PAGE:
Based on the novel by Ernest Hemingway
By Elevator Repair Service
By Lucy Wilson
It’s rare to experience theatre these days with a cast of ten and a running time of over three hours. It’s also rare for a New York Theatre Company to stage an Ernest Hemingway novel in Hobart. Rumoured as the headline show for this Ten Days on the Island Festival, the award-winning company, Elevator Repair Service, staged The Select (The Sun Also Rises). It’s a semi-autobiographical 1920’s novel about the lost generation of post-war Brits and Americans spending decadent alcohol drenched days in Parisian cafes and visiting a famous bull fighting festival in Spain.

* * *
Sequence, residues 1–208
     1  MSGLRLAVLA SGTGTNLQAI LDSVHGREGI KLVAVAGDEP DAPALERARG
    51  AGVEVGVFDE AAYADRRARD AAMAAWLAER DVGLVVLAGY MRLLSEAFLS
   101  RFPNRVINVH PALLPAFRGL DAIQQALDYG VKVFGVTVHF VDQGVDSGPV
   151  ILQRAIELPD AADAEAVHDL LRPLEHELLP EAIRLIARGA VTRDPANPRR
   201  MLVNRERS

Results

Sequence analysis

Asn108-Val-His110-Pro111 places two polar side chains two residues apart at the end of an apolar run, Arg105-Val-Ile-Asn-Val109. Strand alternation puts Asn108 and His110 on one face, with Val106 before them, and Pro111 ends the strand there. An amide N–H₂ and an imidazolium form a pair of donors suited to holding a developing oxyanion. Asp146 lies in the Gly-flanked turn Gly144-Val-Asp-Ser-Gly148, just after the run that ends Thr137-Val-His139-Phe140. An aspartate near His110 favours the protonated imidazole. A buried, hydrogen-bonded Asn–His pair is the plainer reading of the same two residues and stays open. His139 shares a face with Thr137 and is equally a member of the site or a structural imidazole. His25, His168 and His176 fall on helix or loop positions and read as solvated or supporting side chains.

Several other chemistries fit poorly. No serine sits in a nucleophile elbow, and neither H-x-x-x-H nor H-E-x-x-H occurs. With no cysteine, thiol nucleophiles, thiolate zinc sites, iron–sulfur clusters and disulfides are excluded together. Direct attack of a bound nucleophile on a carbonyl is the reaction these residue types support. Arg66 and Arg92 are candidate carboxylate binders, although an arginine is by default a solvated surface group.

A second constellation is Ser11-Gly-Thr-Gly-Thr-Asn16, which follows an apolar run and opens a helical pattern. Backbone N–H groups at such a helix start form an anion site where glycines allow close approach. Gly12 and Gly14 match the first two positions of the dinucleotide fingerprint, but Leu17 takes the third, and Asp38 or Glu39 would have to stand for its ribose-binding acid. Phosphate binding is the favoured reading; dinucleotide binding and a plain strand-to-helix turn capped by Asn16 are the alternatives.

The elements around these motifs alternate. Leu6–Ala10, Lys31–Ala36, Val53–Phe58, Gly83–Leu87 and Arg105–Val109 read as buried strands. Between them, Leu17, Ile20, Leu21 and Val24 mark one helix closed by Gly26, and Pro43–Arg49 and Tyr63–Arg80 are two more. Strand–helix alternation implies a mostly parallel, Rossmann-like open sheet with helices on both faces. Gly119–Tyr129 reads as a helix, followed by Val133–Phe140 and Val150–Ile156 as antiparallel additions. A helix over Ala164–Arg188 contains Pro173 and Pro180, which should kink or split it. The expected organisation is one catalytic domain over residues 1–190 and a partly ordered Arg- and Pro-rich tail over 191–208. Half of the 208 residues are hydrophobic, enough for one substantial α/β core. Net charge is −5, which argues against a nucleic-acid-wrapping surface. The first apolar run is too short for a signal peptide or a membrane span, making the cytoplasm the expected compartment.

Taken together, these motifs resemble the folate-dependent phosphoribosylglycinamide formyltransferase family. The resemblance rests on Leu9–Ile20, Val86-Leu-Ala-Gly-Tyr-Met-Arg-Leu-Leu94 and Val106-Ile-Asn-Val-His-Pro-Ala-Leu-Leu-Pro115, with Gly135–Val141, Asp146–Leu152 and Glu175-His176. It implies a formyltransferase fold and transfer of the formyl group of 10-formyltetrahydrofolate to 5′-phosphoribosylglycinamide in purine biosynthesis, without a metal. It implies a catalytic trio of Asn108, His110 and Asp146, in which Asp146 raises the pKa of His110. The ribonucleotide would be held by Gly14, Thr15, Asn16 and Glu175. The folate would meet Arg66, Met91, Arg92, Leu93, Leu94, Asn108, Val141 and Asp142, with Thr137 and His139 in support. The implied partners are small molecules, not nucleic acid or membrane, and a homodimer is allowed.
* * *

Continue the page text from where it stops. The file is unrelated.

With all this though, in my first encounter with Hemingway, I was unconvinced by the lust, love, jealousy or anger from the roll out of war-deranged masculinity. The friendship/fraught love between the impotent protagonist and the promiscuous star was the only genuine connection, as they said to each other at the end “We could have had such fun together … Isn’t it pretty to think so.” Perhaps this is the intention of both the novel and stage show? Perhaps it’s an accurate representation of post-war British “chaps”? But the final clinching seduction of the matador Pedro Romero (played by a woman) left me wondering what to make of it. The packed opening night audience (who left bottles and glasses from their interval drinks in clusters on the exit stairs, as if the set had spilled out onto the street) seemed in a mix of excitement, tiredness and awe.